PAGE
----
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Kamarck, Edward (ed.) / Arts in society: tenth anniversary issue
([1969?])

Schwartz, Barry N.
[The kinetic scope of Cassen and Stern],   pp. [95]-102 PDF (10.7 MB)


Page [96]


It has been a long time since Thomas
Wilfred recognized light as an art medium.
One would like to be able to say that a
great deal has happened since then,
but that's not the case. Light is still
explored as an art form, rarely utilized more
significantly than as innovation. While the
sophistication of new techniques has made
possible more satisfying uses of the
medium, in general we owe thanks
for this more to Kodak than to individual
artists.
Two exceptions are Jackie Cassen and
Rudi Stern, who have extended the use of
light into new areas, demonstrating its
validity as an art medium. Attributing the
success of these two to their artistic
maturation is to state a half-truth. Success
has come only with the maturation of their
audience. If their early work was received
by the young, the turned on, and the hip,
it was only because the more sophisticated
art audiences were unprepared to accept
something which had thus far eluded the
charge of the critic brigade. It's a long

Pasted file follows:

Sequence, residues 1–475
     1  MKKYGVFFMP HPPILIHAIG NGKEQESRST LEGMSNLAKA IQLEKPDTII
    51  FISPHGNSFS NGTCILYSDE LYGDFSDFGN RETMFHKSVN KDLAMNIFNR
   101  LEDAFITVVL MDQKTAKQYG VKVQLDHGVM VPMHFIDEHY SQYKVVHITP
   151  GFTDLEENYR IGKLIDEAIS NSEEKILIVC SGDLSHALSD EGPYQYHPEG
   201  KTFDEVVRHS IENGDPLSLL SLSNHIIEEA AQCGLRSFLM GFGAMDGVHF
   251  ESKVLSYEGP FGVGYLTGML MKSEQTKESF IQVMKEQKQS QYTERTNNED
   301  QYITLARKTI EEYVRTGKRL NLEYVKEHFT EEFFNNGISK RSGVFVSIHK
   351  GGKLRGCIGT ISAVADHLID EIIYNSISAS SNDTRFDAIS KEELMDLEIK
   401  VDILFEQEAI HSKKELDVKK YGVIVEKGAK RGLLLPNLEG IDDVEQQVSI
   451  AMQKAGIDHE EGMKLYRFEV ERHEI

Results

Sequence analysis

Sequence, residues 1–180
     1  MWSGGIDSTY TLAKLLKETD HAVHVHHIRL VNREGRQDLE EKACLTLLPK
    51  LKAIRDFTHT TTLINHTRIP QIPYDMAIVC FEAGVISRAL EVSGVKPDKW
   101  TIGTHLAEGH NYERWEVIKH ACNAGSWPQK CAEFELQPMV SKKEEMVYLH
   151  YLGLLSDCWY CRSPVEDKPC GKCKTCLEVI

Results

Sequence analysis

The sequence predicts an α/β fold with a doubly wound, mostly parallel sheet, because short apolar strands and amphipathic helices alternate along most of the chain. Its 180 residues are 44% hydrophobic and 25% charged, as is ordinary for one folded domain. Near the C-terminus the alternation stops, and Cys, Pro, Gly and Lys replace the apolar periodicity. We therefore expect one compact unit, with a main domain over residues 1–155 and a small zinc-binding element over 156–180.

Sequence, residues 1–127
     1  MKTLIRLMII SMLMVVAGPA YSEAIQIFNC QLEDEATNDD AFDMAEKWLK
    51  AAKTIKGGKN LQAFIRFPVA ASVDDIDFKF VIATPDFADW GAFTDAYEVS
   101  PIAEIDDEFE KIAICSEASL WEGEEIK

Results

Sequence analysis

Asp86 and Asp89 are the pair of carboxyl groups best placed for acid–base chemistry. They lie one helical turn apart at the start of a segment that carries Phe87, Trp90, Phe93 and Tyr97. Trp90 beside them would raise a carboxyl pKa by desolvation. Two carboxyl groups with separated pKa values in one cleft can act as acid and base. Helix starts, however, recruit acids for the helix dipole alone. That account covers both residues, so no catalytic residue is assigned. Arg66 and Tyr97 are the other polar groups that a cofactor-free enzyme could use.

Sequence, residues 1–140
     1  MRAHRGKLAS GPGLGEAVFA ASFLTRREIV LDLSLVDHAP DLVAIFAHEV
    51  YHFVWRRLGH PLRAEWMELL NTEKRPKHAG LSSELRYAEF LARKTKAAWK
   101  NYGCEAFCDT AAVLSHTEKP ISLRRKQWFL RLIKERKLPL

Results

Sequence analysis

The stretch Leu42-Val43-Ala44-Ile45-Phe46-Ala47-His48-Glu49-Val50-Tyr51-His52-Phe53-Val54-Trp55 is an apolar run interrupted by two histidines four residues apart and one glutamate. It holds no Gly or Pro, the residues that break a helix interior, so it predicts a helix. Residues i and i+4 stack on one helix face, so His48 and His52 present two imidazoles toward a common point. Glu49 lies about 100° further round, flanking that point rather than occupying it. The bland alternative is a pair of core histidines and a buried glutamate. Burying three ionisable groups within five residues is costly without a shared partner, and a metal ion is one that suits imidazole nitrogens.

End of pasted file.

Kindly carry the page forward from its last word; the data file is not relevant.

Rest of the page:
way from a program on DMT in the
East Village to the main gallery of the
Architectural League; but it is a route
travelled by artists because of audiences.
Jackie Cassen and Rudi Stern are the
creators of the techniques that are becoming
increasingly familiar: slide projections,
moving sculpture used for light effects,
total-environment art, and an ambiguous
hesitancy between art and design. The
Electric Circus may now be the place to go,
but it is so only because Cassen and
Stern created, with the Trips Festival at
the same location, and with the visuals for
the Cheetah, the techniques which
transformed these ballrooms into
discotheques. Soaps, bathtubs, and
toothpaste are now sold by light projection
techniques innovated by Cassen and Stern
in their commercial publicity work
for Best & Co., and their industrial
exhibits for Dutch Masters and Simplicity
Patterns, among others, and their promotion
of Antonioni's "Blow Up." They have
moved light from California to Boston, from
Tim Leary's hippie haven to the White
House, and they have travelled only
where they have been welcomed.
Cassen and Stern, with their new
perceptions, are no strangers to tradition.
Their training is traditional, their degrees


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